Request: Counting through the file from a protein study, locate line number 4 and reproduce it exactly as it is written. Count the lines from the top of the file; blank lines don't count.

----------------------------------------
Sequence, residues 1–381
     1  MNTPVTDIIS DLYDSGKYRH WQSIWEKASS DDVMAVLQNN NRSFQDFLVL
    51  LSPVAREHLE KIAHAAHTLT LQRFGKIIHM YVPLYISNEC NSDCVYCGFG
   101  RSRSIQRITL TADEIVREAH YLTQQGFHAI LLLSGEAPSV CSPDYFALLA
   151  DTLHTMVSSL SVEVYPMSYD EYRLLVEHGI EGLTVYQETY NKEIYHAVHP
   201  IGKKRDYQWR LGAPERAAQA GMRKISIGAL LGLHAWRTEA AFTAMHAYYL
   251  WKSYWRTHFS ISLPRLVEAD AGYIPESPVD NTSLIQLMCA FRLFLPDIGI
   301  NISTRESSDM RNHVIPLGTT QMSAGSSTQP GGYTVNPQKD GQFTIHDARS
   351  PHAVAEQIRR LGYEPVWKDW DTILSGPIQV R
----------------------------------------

   101  RSRSIQRITL TADEIVREAH YLTQQGFHAI LLLSGEAPSV CSPDYFALLA